31 Days of Halloween, abandoned bunkers, Brett Fancy, British films, cinema, Dead Snow, directorial debut, Dog Soldiers, Enoch Frost, ensemble cast, feature-film debut, film reviews, films, horror, horror films, horror franchises, Julian Rivett, Julian Wadham, Michael Smiley, Movies, Nazi zombies, Nazis, Neil Marshall, Oasis of the Zombies, Outpost, Paul Blair, Rae Brunton, Ray Stevenson, Richard Brake, set in Eastern Europe, soldiers, Steve Barker, UK films, zombies
Despite having seen so few good ones, I’ve always been a fan of Nazi zombie flicks. Chalk it up to seeing “classics” like Shock Waves (1977) and Oasis of the Zombies (1981) when I was I kid but I’ve always had a soft spot for shockers that feature the undead SS, especially when said films tend to take a more serious, dark approach. While Oasis, Shock Waves and Zombie Lake (1981) are all pretty silly entries in this particular subgenre, there have also been real gems like The Bunker (2001), Blood Creek (2009), the hilarious Dead Snow (2009) and The Keep (1983) (although The Keep is a bit of a cheat since it features Nazis and a demon but no Nazi zombies). Chief among these “good” Nazi zombie films, however, would have to be Steve Barker’s creepy, atmospheric feature-debut, Outpost (2007). Making good use of a strong ensemble cast and some genuinely eerie locations, Outpost is a rock-solid horror film that resembles Neil Marshall’s excellent Dog Soldiers (2002) yet manages to have an identity all its own.
Kicking off in present-day Eastern Europe, a fussy bureaucrat by the name of Hunt (Julian Wadham) hires a team of mercenaries to take him into a dangerous no-man’s land so that he can access a long-abandoned World War II-era bunker. Hunt tells the team that he’s after mineral deposits but merc leader DC (Rome’s Ray Stevenson) has his doubts, especially when his team appears to get fired on by unseen assailants. Returning fire with a zeal that should’ve laid a whole city flat, the mercenaries come to find that not only aren’t there any bodies in the nearby woods, there aren’t even any shell casings or signs that anything living was ever in the area.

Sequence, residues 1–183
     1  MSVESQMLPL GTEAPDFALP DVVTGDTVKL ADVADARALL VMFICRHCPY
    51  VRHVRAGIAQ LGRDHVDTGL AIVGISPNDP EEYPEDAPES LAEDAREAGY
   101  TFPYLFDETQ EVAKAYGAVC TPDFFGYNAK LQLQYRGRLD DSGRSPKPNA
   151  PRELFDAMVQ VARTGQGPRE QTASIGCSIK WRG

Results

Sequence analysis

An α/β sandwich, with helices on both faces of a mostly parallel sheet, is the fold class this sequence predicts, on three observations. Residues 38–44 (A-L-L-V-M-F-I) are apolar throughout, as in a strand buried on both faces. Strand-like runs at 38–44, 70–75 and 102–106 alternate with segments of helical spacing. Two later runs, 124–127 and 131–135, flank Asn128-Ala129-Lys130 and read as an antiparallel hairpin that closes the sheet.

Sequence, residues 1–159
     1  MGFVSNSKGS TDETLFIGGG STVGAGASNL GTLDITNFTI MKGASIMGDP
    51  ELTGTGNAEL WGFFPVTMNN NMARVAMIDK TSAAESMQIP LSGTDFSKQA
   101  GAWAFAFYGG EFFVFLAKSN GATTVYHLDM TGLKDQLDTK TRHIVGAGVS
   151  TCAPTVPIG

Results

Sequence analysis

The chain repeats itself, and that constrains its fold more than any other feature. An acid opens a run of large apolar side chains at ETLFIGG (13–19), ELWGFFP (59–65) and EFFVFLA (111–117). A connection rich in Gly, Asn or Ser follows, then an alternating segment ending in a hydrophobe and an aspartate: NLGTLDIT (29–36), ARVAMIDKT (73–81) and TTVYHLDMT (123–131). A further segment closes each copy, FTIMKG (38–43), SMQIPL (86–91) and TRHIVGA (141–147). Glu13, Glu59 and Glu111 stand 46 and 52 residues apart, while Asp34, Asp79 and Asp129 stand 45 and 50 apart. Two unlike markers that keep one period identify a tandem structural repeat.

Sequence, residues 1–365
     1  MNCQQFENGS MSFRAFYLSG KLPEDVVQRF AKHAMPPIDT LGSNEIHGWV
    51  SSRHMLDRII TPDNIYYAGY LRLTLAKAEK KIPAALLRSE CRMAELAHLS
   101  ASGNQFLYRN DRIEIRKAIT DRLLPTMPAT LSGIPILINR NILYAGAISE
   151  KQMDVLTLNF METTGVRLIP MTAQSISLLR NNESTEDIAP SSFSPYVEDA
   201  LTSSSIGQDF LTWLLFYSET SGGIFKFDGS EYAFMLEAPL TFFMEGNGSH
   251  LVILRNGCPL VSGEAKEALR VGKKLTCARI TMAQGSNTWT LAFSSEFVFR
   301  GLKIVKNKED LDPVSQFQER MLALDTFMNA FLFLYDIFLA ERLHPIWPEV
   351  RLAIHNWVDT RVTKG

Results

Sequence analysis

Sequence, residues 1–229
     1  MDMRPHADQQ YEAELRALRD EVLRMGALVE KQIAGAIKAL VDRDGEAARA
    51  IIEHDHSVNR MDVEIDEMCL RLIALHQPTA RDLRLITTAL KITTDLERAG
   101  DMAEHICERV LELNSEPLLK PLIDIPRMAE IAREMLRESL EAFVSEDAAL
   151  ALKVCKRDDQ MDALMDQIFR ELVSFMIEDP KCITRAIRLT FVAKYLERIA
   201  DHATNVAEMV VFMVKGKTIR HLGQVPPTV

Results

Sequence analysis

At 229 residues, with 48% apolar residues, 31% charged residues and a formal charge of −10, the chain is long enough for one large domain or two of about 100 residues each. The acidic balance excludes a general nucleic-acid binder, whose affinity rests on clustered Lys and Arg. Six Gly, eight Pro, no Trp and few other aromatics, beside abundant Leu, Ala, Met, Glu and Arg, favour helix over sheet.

Things get even eerier once the team descends into the bunker and realizes that nothing is quite as it seems. For one thing, the bunker appears to be an old Nazi fortification, as evidenced by the enormous swastika found in one of the chambers. There’s also an inexplicable room full of dead bodies, bodies which appear to belong to the poor, unfortunate locals in the area. Most importantly, however, the group also comes across a large, mysterious machine that appears to be part combustion engine, part science experiment. This, of course, is the reason that Hunt needed to come to the bunker: in the end, it always come around to some button-pusher’s hidden agenda, doesn’t it?
All hell breaks loose when Hunt powers on the machine and its seems to have the effect of raising the dead, unleashing an army of zombified Nazi soldiers upon the unfortunate mercs and their employer. Unlike the gut-munching zombies of Romero’s classic Night of the Living Dead (1968), these Nazis are the weapon-utilizing variety found in Lenzi’s Nightmare City (1980): in no time, the soldiers are locked in a desperate life-or-death struggle against creatures that shrugged off the mortal coil some time in the past but just can’t seem to stay dead. One zombie in particular, a mute, stone-faced commandant, appears to take charge of the undead legion, leading his troops in blood-thristy pursuit against the living. As DC’s men are picked off, one by one, he must uncover the secret behind the machine and figure out Hunt’s real reason for being there: otherwise, he’s going to be just another body for the war machine to roll over.